A song I hadn’t heard before (and of which I wish I could find a recording), “Broken Branches”, was one of my favorites of the night. During his inter-song patter (another art he’s good at–and admittedly enjoys) he described the inspiration for the song. Stopped at a traffic light with his 3-year-old(?) in the back seat, his car was approached by stoplight a panhandler. As he described it, the panhandler broke the boundries of “polite” pan-handling and stretched his face nearly into the car. The man was dirty, threatening, fetid. Somewhat nervous about having this person near the car with his child in the back seat, Darden, uncertain as to what to say or do, heard brighly from the back seat his son call out “HI!” In that moment Darden noticed the homeless man’s face briefly change, revert back to a child-like state. It was reminder to him that this man is man, was part of a family, felt and feels the way the rest of us do.
In “Broken Branches” he sings of a pair of homeless people he sees on a street corner, mournfully referring to them as “broken branches from a family tree”. (I may be misquoting, it could be (broken branches from the family tree”.) A beautiful song.
To close out the night (and to sell more CDs, undoubtedly–shrewd this one), Darden unplugged the guitar, stepped away from the mic and did a fully acoustic version of the title track from “Field of Crows”. Came back and did a couple more songs as an encore…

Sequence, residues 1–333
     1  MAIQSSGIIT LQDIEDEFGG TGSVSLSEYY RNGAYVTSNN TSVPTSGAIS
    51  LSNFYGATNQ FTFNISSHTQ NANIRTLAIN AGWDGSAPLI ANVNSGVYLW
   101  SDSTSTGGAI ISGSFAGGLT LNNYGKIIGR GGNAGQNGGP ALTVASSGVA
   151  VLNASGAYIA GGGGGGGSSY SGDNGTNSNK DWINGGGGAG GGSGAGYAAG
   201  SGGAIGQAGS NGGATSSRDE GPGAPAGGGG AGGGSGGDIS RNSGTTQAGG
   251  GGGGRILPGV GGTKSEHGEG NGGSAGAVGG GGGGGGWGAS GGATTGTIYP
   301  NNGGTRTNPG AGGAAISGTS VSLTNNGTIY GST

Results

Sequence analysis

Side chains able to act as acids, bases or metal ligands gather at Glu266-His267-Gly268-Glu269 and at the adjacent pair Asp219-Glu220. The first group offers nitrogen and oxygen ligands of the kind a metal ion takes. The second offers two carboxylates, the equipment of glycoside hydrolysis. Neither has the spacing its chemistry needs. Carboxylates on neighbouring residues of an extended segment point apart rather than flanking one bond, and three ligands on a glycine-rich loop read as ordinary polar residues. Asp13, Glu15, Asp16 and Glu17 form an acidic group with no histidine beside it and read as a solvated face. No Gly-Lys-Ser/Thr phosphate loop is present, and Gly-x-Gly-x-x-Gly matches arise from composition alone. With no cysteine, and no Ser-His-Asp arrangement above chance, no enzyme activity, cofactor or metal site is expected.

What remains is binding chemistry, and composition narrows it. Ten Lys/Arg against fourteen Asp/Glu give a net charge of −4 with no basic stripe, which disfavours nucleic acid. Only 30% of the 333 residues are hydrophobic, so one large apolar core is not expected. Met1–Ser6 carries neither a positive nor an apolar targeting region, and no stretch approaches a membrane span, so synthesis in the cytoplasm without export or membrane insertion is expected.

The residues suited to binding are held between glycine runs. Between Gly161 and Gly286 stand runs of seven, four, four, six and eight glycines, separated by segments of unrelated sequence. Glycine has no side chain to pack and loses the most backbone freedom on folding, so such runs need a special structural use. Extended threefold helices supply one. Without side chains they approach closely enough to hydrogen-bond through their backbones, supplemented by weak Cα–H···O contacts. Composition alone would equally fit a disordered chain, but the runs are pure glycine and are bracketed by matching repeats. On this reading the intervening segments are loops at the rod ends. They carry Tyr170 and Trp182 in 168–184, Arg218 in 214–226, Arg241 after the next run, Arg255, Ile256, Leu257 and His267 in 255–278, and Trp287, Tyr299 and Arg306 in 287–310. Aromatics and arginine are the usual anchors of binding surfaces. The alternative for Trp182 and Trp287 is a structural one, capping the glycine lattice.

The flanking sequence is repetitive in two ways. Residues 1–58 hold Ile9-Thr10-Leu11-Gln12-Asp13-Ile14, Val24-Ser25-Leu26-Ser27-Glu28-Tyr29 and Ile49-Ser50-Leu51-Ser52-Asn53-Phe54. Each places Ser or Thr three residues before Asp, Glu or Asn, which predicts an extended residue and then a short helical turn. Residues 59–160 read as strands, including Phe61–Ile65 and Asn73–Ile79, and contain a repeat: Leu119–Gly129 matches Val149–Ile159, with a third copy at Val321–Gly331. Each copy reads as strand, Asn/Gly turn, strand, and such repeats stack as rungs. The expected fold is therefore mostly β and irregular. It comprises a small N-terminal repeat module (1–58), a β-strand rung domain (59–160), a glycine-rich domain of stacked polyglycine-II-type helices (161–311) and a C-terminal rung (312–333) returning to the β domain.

The show turned out very nicely.
After the show Darden and I went to the bar next door and had a few drinks. Very interesting man… very happy man. It’s nice to meet artists content in their work. He’s been doing this for 20+ years now and has found a way to have fun with his work day after day. We talked about being artists, about politics, about Omaha, about the music industry… It was nice to spend a couple of hours with him; I hope to again.
His sense is that all Omaha needs is someone (like me, perhaps) to take some initiative and invite musicians to come out and do shows… Build a little momentum and word will spread. His opinion is that Omaha is located in a great place because just about anywhere you’re goin’ in the midwest you’re gonna pass through Omaha. If artists can do a show while en route to another it’ll be a great situation for everyone.
Hopefully by the time we leave Omaha we’ll turn Omaha into a destination for musicians instead of a way station.